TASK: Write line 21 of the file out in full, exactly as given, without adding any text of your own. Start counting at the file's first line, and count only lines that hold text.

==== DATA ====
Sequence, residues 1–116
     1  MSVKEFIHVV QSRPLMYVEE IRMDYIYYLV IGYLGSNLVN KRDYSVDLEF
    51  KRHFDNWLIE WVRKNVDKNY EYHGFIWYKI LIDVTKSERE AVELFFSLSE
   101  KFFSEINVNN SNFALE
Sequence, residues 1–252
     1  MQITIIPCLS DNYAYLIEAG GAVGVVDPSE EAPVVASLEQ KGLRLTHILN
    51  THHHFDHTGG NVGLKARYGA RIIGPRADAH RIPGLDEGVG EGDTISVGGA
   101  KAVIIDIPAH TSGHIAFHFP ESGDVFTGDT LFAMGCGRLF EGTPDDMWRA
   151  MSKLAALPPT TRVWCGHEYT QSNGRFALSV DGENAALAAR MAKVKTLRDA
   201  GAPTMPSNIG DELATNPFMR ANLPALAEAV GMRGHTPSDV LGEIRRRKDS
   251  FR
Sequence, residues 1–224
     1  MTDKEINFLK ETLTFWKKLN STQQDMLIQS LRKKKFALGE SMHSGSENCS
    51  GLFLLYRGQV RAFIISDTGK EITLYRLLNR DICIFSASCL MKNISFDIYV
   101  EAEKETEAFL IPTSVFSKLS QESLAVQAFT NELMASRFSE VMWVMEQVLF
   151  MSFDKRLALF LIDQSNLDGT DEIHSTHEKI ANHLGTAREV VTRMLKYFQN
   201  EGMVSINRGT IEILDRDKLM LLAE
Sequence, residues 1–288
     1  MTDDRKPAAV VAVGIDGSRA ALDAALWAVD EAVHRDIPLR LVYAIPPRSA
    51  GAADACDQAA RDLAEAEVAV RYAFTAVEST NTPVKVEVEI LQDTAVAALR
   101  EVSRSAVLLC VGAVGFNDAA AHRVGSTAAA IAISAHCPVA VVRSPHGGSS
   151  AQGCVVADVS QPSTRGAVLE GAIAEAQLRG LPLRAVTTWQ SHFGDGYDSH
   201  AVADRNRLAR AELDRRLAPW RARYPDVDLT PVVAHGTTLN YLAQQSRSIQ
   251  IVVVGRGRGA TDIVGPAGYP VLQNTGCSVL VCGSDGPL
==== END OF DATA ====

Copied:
   101  EVSRSAVLLC VGAVGFNDAA AHRVGSTAAA IAISAHCPVA VVRSPHGGSS